WITH the high Covid rates we’ve seen in Scotland over recent months, we need to think more broadly about our approach to managing it. Vaccination and face masking remain important – so what else can we do?

First, we need more resources for people to self-isolate. With the best will in the world, self-isolation isn’t going to be successful if people simply cannot afford to do it. It’s no good telling people not to go to work if that’s going to leave their families hungry. The government needs to make financial support much easier to access, and for more people.

The impacts of Covid on people with a low-income can be significant. As such, a strategy to address the pandemic has to include enhanced attention to reducing poverty. Acting to reduce inequality is itself a means of addressing it.

Second, more resources for councils are necessary. This isn’t just for essential measures like improved ventilation – it’s also to support outdoor activities.

We’re fast approaching the time of year where many people would much rather be huddled up inside together than be outside in the cold and damp. Outdoor socialising, though, is far better for reducing the risk of catching Covid.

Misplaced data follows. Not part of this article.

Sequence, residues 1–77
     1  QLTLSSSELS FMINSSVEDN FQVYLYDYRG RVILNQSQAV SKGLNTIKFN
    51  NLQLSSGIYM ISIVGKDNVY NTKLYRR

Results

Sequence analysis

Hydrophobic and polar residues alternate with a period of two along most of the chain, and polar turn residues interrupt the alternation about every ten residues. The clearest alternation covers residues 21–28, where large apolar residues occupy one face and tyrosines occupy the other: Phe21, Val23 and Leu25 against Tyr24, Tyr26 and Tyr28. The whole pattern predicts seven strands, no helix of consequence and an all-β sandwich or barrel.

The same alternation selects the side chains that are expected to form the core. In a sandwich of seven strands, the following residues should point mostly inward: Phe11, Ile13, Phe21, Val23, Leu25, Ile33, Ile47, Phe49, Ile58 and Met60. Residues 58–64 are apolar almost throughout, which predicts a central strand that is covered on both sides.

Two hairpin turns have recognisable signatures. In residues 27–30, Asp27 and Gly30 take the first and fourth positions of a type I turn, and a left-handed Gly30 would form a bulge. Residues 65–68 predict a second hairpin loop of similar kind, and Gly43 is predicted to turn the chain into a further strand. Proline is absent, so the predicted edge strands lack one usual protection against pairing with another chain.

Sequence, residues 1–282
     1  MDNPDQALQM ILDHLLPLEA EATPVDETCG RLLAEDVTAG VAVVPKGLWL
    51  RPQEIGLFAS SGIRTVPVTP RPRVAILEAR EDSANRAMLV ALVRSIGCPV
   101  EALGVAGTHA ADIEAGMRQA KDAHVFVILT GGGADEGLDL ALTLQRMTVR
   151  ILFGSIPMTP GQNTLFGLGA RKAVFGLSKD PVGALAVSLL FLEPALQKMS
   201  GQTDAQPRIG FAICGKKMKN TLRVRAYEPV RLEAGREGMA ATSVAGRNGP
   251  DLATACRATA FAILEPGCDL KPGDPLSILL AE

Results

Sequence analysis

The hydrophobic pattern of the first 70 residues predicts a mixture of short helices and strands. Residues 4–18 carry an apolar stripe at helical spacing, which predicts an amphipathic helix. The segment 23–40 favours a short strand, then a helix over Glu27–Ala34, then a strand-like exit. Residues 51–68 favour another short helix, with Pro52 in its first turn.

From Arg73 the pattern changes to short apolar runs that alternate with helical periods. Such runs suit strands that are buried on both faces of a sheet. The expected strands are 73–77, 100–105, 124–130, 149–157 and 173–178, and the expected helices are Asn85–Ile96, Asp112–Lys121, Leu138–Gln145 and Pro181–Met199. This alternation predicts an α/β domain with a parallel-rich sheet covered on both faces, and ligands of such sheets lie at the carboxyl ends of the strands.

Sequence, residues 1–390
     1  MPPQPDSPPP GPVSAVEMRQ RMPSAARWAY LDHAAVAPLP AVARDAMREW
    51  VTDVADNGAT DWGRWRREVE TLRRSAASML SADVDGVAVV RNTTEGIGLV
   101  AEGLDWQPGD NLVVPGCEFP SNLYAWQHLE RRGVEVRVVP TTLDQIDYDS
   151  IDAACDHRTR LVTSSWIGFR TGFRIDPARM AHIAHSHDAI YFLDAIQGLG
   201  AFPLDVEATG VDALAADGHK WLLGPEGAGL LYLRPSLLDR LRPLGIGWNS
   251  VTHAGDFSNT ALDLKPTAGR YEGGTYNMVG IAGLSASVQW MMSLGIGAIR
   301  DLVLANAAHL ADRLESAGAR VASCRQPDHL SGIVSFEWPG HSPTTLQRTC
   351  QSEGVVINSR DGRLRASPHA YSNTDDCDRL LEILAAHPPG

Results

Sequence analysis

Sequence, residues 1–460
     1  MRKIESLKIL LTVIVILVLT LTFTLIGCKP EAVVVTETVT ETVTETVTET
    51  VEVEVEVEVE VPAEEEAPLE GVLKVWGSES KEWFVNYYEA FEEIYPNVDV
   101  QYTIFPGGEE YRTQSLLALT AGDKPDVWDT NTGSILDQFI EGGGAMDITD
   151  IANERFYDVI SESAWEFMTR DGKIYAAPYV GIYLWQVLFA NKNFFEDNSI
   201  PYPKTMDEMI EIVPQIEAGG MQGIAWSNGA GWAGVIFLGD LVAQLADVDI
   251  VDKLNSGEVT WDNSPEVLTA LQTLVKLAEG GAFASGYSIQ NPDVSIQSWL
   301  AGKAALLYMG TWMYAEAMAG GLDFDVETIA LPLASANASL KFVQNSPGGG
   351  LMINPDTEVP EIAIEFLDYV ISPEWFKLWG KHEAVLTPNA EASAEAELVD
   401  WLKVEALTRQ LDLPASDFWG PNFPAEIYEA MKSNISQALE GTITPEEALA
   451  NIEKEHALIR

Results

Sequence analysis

The solution? Tempt people to get outside, don’t just tell them to. In many cases councils need money to improve their green spaces, and to transform them into places where people are keen to spend their time.

Improve lighting, update play equipment, introduce public art: find out what local communities want to see in their parks and forests, and find a way to make it happen.

Third, more resources for research into the societal aspects of Covid are essential. What might this look like? Building on the excellent work conducted to-date, the government needs to directly sponsor more studies into people’s experiences of vaccination, testing, and self-isolation, and of accessing support through which to do so.

Politicians need to listen carefully to the findings and insights of social scientists conducting research on health and society, and actively solicit more advice and guidance from these experts. Importantly, politicians should adjust, or even rethink, their plans in light of these inputs. Otherwise, policymaking will be based what the government assume or hope are people doing, rather than what they actually are.

Covid is a complex problem, and our governments needs to be more ambitious and imaginative in terms of its social and economic policy agenda for how to tackle it.

Successfully tackling Covid means pushing for a fairer, more equitable society.

Professor Martyn Pickersgill is Chair of the Sociology of Science and Medicine, University of Edinburgh.